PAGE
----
There’s More to a Car Deal Than Price

car buyer dealsAs automobile consumers, we tend to focus on price or monthly payment as the most important factor of any deal. However, there are other factors that should be considered as well.

Add-on costs

When you buy a brand new car, you always take the trip into the F&I (Finance and Insurance) manager’s office to sign your papers. But while you’re being held captive there, you’re presented with the “opportunity” to purchase a variety of expensive “add-on” products such as extended warranties, credit insurance, gap insurance, paint sealant, fabric protection, rust proofing, or security systems. These are all high-profit items for the dealer and are usually not worth the cost. If you choose to buy them, any deal you might have gotten on the price of the car is seriously eroded.  A good deal can turn bad in the blink of the eye.

Dealer fees

There are always a variety of fees when buying a car. Some are added by the dealer, others are charged by the finance company (if you need a loan or lease), and others are official fees and taxes required by the state/county/city where you live. Of course official fees are what they are — they can’t be negotiated out of a deal and don’t affect the deal, although if you negotiate a good price on your car, you pay less sales tax. And you can’t negotiate fees imposed by a bank or finance company because dealers don’t have the authority to do so.

That leaves us with dealer fees. The most common is what is common called a “doc” or documentation fee, which can be several hundred dollars and varies by dealer. It’s an administrative fee charged by dealers to pay for the work that goes into filing for tag and registration, finding and applying for financing, and other related admin work. Some dealers will let you negotiate it out of a deal, but most declare it non-negotiable.

Other ways that dealers try to make extra profit on a deal is by adding a “reserve” on top of the interest rate charged by their bank or finance company. Say the dealer’s finance company charges 2.5% APR interest on loans or leases. A dealer can add another 1%-2% on top, making a customers actual interest rate as high as 4.5% APR. This is extra profit for the dealer. Since we don’t know what the dealer’s wholesale rate is, we can’t realistically negotiate it down. But we can shop around at our own banks and credit unions to see if we can beat the dealer’s rate, and either go with the better rate or use that information to get a better rate from the dealer.

Lease acquisition fees

If you lease, there’s always a lease “acquisition” fee. It’s like “points” in a home mortgage and is a form of administrative fee charged by the lease finance company. You can’t negotiate it out of the lease because the dealer is not authorized to do so. However…dealers often add their own “padding” on the finance company’s fee, and that padding can be negotiated down or out, assuming you know what the “normal” acquisition fee is. It’s easy to find out. Just go to the car manufacturer’s web site and look for the details on their lease deals. You’ll nearly always be able to find their acquisition fee in the fine print of the advertised deal. For example, Honda Finance charges $595 as a lease acquisition fee. If your dealer is trying to charge you $895, he’s attempting to make an extra $300 on your lease deal. That $300 is up for grabs.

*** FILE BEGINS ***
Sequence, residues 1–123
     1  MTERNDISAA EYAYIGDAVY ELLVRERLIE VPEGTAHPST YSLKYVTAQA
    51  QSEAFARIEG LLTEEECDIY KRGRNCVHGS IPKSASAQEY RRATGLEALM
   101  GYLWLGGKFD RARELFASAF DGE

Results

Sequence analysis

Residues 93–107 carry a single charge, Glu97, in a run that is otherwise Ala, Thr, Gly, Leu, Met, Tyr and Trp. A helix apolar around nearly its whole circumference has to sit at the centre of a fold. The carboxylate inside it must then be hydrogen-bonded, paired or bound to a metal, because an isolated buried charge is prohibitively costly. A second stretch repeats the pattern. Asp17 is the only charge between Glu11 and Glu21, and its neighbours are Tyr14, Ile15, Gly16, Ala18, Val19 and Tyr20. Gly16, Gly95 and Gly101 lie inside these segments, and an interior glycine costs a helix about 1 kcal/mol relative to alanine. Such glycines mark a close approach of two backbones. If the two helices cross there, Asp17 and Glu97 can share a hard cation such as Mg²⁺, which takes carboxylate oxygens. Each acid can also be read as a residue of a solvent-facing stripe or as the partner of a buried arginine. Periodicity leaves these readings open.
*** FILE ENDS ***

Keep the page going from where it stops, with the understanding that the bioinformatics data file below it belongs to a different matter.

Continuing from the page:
Free scheduled maintenance and roadside assistance

A number of car companies are now providing free scheduled maintenance with new car purchases or leases. Such maintenance is not inexpensive and can contribute to making a good car deal better. Free roadside assistance is also a good perk in any car deal. Compare those costs to those of AAA for a similar service and you’ll find you’re getting a worthwhile value in your deal.

0% APR interest

The cost of financing often surprises car buyers, even when rates are relatively low, it can a significant extra amount to the overall cost of the purchase. For example, when buying a $25,000 car with a 48 month loan at 5.0% APR, the cost of financing over the life of the loan is $2635, or 10.5% of the cost of the car (not 5% as many people mistakenly believe).

Therefore, if you can get a 0% APR promotional loan deal, you save a substantial amount of money. However, to get these special rates you must have a good credit score. If you don’t know your score, you should, before you visit a dealer.  If you don’t know your current credit score and rating, you can get it quickly and easily online. What’s your FICO score? Find out now when you check your credit report for $1 at Experian.com!

Sign-and-drive lease

Car companies sometimes offer special “sign-and-drive” lease deals in which the customer makes no down payment and doesn’t pay the normal first month’s payment, and makes no security deposit — and gets an attractive low monthly payment. These are nearly always good deals because not only is the first month’s payment being made by the company, but the lease is usually based on a discounted lease price, high lease-end residual, and a low month factor.

Summary

Car buyers should look beyond price and monthly payment amount when shopping for good car deals. Other factors can turn a good deal into a bad one, or make a good deal into a great deal.

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